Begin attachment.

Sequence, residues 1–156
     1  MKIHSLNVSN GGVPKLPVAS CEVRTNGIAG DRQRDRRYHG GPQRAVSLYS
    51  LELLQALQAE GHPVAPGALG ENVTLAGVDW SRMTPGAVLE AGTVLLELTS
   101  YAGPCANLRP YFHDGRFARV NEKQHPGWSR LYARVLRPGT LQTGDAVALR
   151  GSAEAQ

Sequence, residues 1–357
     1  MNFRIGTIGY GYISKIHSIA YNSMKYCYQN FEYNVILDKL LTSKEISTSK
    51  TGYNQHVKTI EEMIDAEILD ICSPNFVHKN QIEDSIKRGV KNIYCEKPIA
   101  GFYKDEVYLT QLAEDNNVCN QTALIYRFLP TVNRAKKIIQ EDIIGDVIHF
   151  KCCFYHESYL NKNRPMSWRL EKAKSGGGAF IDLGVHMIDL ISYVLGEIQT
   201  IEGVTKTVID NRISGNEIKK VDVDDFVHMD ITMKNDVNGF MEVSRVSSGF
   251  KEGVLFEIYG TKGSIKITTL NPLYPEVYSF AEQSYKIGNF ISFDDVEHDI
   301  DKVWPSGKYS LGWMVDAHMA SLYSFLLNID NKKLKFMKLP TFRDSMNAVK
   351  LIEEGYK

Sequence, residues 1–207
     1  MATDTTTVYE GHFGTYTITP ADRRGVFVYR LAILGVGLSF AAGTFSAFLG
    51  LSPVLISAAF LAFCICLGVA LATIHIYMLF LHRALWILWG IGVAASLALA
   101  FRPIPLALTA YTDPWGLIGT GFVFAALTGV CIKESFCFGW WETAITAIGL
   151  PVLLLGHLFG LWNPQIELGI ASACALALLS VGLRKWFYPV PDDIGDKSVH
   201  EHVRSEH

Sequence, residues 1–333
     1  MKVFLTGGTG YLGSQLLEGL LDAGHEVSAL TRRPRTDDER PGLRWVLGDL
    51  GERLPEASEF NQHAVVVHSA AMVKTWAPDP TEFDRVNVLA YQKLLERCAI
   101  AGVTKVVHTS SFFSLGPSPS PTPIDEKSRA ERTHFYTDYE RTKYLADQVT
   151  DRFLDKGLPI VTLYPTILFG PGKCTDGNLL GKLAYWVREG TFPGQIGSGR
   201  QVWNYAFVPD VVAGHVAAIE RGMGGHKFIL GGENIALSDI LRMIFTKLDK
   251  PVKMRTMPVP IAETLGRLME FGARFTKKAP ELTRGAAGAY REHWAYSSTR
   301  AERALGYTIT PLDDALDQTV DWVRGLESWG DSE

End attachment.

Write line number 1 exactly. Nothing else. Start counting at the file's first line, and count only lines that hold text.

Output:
Sequence, residues 1–156